A Beginners Guide to MOT
As a learner or new driver, you’ve probably heard of an MOT, but research shows that as many as 59% of Britons are confused by the difference between a service and an MOT.
An MOT is an annual vehicle check set out by the DVSA (Driver and Vehicle Standards Agency). It ensures vehicles are roadworthy, safe and meet environmental and exhaust emissions standards. It is obligatory for your car to have its first MOT three years after being first registered, and then on a yearly basis. Prior to this, there is no legal obligation to undergo testing. There are a few exceptions to the requirements of needing an MOT, such as cars over 40 years old, but even “classics” must still be maintained in a roadworthy condition if driven.
A service is a vehicle inspection based on guidelines set out by your vehicle manufacturer rather than the DVSA; it keeps your car in a reliable, safe, and fully-functioning condition. You should follow the service intervals recommended by the car manufacturer as a minimum. In some ways an MOT test and service are quite similar and both include checks such as tyres, brakes, and seatbelts. However, a service is more comprehensive in that it covers the vehicle health and preventative maintenance – things like oil and filter changes – not just the ‘safety-critical’ aspects of your vehicle.
Over two thirds (67%) of our customers go out and buy a car three months after they pass their test, and many will opt for second hand. This often means the car will need to have an MOT within 12 months of purchase, so we’ve pulled together a handy beginner’s guide in partnership with our friends at Michelin and Kwik Fit, to help you understand the rules and regulations for MOTs.
If your vehicle fails its MOT test it means it is deemed not fit for the road and cannot be driven further. You can receive a fine of up to £2,500 for driving without a valid MOT. Penalties can also include points on your licence or a driving disqualification in more severe cases. Whilst the financial costs can be steep, they are nothing compared to the risks of the safety of you, your passengers and other drivers.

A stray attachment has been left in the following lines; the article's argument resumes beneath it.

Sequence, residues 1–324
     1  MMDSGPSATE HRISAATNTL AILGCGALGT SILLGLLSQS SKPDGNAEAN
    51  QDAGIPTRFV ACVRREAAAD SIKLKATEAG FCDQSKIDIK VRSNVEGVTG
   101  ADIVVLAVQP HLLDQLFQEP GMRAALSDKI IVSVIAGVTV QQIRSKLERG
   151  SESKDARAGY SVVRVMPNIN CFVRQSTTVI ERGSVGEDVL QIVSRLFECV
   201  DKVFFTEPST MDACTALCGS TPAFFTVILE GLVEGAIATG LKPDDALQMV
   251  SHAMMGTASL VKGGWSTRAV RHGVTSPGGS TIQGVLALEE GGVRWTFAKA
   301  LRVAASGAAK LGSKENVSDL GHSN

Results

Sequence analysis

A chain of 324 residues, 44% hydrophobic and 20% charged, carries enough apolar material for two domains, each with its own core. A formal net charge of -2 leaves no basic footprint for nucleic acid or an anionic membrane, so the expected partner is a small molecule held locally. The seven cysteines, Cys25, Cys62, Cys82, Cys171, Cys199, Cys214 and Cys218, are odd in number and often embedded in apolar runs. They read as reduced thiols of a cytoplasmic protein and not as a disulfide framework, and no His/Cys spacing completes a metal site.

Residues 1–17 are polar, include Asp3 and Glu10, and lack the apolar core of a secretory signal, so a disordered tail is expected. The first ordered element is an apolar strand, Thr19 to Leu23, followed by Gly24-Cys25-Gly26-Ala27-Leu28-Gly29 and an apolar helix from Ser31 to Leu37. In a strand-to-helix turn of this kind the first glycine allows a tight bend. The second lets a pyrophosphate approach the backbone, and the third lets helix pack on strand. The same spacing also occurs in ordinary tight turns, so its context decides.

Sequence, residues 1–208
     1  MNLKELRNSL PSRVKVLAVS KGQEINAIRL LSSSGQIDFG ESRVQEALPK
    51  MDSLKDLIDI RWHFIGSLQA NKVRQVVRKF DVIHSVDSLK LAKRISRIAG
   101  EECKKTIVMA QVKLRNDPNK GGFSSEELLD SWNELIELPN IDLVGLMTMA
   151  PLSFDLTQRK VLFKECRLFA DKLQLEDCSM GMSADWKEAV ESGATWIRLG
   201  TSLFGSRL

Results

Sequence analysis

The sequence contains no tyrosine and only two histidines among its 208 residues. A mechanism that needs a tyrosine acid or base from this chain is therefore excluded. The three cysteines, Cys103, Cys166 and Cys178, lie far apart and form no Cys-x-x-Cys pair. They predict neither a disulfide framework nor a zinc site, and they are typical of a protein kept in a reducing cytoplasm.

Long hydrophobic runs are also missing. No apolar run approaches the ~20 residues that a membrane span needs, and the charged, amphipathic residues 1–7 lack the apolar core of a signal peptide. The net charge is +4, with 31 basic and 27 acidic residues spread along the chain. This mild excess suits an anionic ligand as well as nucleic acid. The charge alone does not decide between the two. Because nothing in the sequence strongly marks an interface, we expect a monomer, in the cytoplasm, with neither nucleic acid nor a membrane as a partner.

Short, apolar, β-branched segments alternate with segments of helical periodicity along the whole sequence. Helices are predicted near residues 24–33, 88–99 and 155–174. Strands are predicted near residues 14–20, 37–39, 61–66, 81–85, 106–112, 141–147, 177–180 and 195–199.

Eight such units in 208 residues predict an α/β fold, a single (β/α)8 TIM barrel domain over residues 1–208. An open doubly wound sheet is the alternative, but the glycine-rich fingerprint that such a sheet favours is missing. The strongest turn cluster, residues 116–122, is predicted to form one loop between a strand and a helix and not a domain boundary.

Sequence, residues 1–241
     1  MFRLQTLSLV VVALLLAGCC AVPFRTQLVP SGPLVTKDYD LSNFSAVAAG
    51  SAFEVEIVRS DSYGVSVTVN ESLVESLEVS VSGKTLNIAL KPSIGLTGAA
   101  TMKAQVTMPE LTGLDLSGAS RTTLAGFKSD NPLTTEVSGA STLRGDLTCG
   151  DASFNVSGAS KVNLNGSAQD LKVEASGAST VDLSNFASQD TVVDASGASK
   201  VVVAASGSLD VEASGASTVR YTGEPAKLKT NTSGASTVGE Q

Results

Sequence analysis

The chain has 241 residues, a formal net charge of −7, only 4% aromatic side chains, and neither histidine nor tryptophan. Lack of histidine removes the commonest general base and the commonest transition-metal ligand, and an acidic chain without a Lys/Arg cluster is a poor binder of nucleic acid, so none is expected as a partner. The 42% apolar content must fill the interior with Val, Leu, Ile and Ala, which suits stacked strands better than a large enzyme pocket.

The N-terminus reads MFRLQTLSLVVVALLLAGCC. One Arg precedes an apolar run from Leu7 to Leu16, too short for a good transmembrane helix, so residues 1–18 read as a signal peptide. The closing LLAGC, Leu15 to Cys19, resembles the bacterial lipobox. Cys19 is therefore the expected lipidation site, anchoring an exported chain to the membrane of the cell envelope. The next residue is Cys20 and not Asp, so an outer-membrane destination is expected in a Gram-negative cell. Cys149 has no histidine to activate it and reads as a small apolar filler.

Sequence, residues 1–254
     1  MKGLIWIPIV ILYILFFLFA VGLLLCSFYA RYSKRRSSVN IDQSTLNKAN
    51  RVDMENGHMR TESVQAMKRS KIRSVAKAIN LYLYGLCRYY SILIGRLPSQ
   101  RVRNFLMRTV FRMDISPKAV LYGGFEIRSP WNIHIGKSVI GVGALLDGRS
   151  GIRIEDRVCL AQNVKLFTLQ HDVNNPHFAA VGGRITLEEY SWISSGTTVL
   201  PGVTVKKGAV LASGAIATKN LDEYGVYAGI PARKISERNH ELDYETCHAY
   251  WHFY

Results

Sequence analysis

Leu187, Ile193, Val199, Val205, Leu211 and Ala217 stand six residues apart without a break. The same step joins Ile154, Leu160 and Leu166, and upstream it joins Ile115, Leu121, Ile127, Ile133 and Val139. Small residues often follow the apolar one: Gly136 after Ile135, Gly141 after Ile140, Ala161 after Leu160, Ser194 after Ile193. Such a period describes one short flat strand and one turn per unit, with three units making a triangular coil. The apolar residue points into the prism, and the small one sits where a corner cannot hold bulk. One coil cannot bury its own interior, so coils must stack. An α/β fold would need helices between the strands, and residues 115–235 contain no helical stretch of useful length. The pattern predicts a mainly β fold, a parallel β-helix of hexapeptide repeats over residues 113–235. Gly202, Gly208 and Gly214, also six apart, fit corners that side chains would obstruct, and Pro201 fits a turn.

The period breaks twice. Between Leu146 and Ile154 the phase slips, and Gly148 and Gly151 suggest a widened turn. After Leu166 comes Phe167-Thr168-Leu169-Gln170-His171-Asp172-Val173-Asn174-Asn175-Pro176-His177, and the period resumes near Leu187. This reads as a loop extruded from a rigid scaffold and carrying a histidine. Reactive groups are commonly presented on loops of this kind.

How do you avoid failing an MOT?
During an MOT, a car is tested on a wide range of safety aspects including vehicle identification number, windscreen, seatbelts, emissions, mirrors and brakes.
You can find additional information about each of these components as well as other aspects of the MOT test on the GOV.UK website.
Whilst they might appear obvious, there are some pitfalls that are vital to watch out for before sending your car off for an MOT, some of which we have detailed below.
Lighting and signalling
Just under one fifth of cars fail their MOT because of an issue with their lights. Often, this will be as simple as a blown bulb. Some people retro-fit their halogen headlamps with LED bulbs to improve the brightness, but this is now grounds for an MOT fail. Make sure that you check your lights before getting your car tested – switch all your lights on and walk around your car to check they’re in working order.
A car can have every safety system known to man, but if the tyres aren’t up to scratch, this is all irrelevant. It is vital to check tread depth, ideally with a tyre tread depth gauge. Don’t have one to hand? This can be done by inserting a 20p coin into the grooves on the tyre. If your tyres are within the legal limit then you should not be able to see the outer band of the coin and if you can, get them checked out and changed prior to your MOT. If this is the case, we recommend our partner Michelin for new tyres you can trust.
Issues affecting a driver’s view of the road
Unsurprisingly, a clear view of the road is vital for safe driving. The view can be obstructed by items such as sat-navs or air fresheners, or cracks and chips within the driver’s eye-line.
Finally, book your test as soon as possible instead of leaving it till the last minute. Booking an MOT even a day late can mean your car is then only legal to drive to a test centre for an MOT.
If after reading this you’ve realised that your car is in need of an MOT, book one with Kwik-Fit. They only take an average of 45-60 minutes, and with over 600 MOT test centres throughout the UK, the majority of which are open 7 days a week, it’s no surprise they are the UK’s number 1 MOT tester.
Remember, if you fail your MOT, you can’t drive away. Top tip… it’s best not to leave an MOT until the day before it’s due. Take your car in two weeks before the expiry date to give yourself time to fix it if needed.